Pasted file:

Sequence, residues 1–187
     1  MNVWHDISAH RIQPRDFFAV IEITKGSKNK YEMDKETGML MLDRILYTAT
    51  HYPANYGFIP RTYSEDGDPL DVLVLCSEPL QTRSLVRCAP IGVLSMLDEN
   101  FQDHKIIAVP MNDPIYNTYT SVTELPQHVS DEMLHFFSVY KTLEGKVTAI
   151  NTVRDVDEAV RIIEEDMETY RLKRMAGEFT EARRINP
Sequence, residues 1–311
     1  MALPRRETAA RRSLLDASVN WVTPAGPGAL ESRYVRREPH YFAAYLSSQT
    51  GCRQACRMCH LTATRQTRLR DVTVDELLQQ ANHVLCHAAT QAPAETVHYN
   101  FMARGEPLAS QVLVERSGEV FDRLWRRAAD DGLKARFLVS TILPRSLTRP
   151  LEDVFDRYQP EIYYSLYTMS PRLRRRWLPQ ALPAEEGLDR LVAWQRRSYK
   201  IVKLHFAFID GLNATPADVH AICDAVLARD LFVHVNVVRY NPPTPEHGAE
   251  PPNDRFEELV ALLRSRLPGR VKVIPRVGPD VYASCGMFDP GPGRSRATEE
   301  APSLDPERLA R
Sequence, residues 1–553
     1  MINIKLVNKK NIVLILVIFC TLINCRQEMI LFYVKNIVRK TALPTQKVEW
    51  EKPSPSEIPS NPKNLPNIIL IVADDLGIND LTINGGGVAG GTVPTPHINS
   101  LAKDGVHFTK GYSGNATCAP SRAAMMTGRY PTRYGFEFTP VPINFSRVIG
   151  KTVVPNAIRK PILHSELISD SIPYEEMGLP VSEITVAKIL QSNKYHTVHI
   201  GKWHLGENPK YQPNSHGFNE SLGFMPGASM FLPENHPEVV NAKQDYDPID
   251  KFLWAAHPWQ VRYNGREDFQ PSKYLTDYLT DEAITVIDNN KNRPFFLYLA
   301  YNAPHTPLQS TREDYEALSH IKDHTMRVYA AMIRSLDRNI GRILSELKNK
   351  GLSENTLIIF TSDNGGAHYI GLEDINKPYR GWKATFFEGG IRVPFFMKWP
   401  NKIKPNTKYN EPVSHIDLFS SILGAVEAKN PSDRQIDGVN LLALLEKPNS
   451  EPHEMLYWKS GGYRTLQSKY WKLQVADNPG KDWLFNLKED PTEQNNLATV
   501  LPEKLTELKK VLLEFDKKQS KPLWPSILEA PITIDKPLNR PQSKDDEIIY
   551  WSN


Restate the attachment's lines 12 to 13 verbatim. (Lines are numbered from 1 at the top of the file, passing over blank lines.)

   251  PPNDRFEELV ALLRSRLPGR VKVIPRVGPD VYASCGMFDP GPGRSRATEE
   301  APSLDPERLA R